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Tough Conversations To Have With Older Parents About Their Health
Although you might not want to talk about it, having a chat with your ageing parents about their health eventually becomes essential. As a young adult, it increasingly becomes your responsibility to discuss with your parents their health needs, and whether they need any additional care as they get old.
There’s no pressure to engage in any of these conversations, but you might want to consider broaching the subject when the time seems right. Here are some of the tough conversations you might want to have.
If They Need To Wear Hearing Aids
As people get old, the sensitive lining of the middle ear begins to degrade and can no longer pick up sounds as accurately transmitted by the eardrum. The problem is that this process often occurs over the course of many years, if not decades, and so it can sometimes be hard for a parent to notice.
The time will come, though, when a conversation about hearing aids becomes inevitable. Hearing can degrade to the point where an ageing parent might not want to engage in social situations or may be unable to listen to the TV or radio.
The good news is that hearing aids can both restore hearing and help keep their mental faculties sharp. They’re also comfortable and easy to fit, so there should be no worries there about suitability.
Whether To Move Out Of Home Or Not
When it comes to care, older adults have many options. Ageing-in-place is a type of care centred around helping older people stay in their homes. It has some advantages over other forms of care, including the fact that parents do not have to go through the upheaval of moving to a new location. The problem, though, is that for much of the time, parents will still be on their own, and so won’t have access to around-the-clock support. 24-hour live in nurse services are available, but also very expensive.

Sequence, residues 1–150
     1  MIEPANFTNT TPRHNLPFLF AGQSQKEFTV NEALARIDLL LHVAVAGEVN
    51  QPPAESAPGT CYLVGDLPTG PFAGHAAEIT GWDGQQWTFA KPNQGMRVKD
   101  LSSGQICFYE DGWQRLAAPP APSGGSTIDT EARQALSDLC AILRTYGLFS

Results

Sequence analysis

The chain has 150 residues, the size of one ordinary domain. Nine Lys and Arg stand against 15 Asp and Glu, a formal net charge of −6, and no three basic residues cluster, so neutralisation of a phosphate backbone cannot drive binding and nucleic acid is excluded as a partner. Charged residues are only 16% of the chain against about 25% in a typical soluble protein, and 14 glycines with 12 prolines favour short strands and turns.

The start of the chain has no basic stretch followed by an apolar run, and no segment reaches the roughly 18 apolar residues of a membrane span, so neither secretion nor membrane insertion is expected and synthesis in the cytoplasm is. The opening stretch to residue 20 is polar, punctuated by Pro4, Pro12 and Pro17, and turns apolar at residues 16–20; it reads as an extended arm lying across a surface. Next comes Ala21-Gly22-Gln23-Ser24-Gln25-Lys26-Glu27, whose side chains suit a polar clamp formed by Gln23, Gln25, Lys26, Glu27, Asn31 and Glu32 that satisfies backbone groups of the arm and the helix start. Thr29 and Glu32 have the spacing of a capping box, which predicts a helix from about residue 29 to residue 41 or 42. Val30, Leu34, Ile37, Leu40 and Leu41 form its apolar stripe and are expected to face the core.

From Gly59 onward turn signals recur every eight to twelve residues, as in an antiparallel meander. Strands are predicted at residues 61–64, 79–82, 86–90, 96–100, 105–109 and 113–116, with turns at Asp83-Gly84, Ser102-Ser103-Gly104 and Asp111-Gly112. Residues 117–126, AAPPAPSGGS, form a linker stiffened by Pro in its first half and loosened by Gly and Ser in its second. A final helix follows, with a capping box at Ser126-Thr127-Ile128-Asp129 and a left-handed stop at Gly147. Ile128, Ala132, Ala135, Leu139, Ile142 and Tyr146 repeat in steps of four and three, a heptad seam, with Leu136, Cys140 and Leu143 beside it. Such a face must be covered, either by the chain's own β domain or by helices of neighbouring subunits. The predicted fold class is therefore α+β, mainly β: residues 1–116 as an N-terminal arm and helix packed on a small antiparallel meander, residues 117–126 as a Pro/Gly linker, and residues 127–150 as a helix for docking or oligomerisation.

Porthaven points out that elderly parents have a second option: to move into a home with other seniors. These types of care situations not only provide support day and night but also help ageing parents plug into a community, avoiding feelings of isolation and loneliness.
Whether They Need To Change Their Habits
Although our bodies can take a lot of abuse while we’re young, they’re not nearly as able to do so when we get older. Eating mountains of meat, fried foods, and sugar isn’t wise, especially if parents are dealing with chronic health conditions.
Talking to parents about their lifestyle habits is never easy, and you don’t want to come across as preachy. But it can sometimes be worth pointing out some of the benefits of eating well, like having more energy, fewer aches and pains, and achieving a sense of wellbeing. Changes don’t have to be large: even small movements towards a healthier lifestyle can have a significant impact on overall health. Speak to them about eating more fruits and vegetables discuss with them the unique benefits that eating these foods can bring.
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